One of the biggest earthquakes in the history of Alaska hit Wednesday (July 28) night with an 8.2 magnitude.
The Alaska Earthquake Center tweeted out the news about the earthquake. 65 miles off the Alaska Peninsula, Perryville, a small village of approximately 100 people, started at 10:15 p.m. local time. It struck 75 miles southeast from Chignik and was 20 miles deep. This marks the largest since 1965.
Initially, there was a tsunami warning, going from Samalga Pass in the Aleutians to Prince William Sound. Residents were advised to seek higher ground in case it were to occur. It was later downgraded to an advisory an hour and 45 minutes later as things cleared up and more information was gathered on the earthquake. The advisory was canceled around 1:30 a.m. Thursday morning.
Outside of Alaska, the tsunami warning triggered by the earthquake kicked up notices to coastal areas regarding a potential tsunami. There was a warning for Hawaii, too but later scrapped. It was reported that waves were seven inches higher than normal. The Pacific Tsunami Warning Center advised Guam and American Samoa that there might be a threat, but it was later retracted when it was found that those residents would be safe. California, Oregon, Washington, and British Columbia were all cleared too.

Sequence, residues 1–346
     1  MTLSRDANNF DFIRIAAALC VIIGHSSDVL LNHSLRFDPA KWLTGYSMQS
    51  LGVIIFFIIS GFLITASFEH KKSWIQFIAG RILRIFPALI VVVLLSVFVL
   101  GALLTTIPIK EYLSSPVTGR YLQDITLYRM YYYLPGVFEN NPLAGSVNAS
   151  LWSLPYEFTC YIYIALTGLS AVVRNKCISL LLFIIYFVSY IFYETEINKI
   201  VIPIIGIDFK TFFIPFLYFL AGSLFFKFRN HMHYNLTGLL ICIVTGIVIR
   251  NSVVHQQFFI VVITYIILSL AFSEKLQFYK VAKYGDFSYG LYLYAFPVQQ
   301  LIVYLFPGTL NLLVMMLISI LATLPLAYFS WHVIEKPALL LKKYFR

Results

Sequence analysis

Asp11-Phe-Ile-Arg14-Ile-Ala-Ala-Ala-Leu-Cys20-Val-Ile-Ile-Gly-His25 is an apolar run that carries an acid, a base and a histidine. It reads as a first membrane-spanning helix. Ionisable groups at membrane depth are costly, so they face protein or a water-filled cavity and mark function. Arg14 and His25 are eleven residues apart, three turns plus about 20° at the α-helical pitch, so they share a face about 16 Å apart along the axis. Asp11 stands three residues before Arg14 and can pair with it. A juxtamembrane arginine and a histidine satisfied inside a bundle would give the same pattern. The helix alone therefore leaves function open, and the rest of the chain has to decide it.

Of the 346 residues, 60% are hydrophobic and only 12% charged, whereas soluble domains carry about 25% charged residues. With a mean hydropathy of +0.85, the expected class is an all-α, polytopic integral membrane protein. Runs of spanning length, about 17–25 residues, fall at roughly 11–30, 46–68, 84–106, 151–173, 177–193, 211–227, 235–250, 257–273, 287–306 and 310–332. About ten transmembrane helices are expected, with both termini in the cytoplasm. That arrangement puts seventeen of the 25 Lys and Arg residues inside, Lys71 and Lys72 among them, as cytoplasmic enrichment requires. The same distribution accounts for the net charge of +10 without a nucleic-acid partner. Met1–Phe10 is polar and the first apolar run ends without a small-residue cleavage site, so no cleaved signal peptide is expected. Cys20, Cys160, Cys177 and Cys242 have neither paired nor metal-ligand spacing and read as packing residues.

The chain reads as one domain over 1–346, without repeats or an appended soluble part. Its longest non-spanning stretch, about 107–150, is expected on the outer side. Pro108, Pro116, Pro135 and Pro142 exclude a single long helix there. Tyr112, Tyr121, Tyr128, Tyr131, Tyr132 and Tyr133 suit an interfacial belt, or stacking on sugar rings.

Anchorage Daily News reported that there are no known injuries or deaths when the earthquake hit.
The initial earthquake was measured as a magnitude of 7.2 but was revised up to 8.2. Afterward, there were two aftershocks that followed within half an hour later. One was a 6.2 magnitude, and the other was 5.6.
After the earthquake, police in Kodiak advised people to seek higher ground. The local high school was an option as an evacuation location. Kodiak is by the northwestern tip of Kodiak Island, making it the biggest town on the island, the largest island in Alaska, and the second largest for the country.
The Wednesday earthquake is the third in the past 18 months. It also marks the third evacuation in that same time frame. The United States Geographical Survey reports that since 1900, there has been eight total with a magnitude of seven or higher.
The one bigger earthquake that hit Alaska was 8.7 that hit the Aleutians in 1965. The year before, there was a 9.2 that caused $311 worth of damage and killed 131 people across Southcentral Alaska. Last November, the state endured one that was 7.0, followed by aftershocks resulting in massive damage to roads and buildings.
The location of Alaska is prone to having issues like earthquakes. Set on the Pacific Ring of Fire, it is under consistent threats of tectonic and volcanic activity.
Earthquakes have not been the only issue for Alaska. Similar to other states like California, Washington, and Oregon, wildfires have scorched a lot of ground, burning 3 million acres (4,687 miles or 12,140 kilometers) so far this year. That is bigger than Delaware and Rhode Island combined. Alaska also caught smoke from Siberia, which had a major wildfire that only recently is getting under control.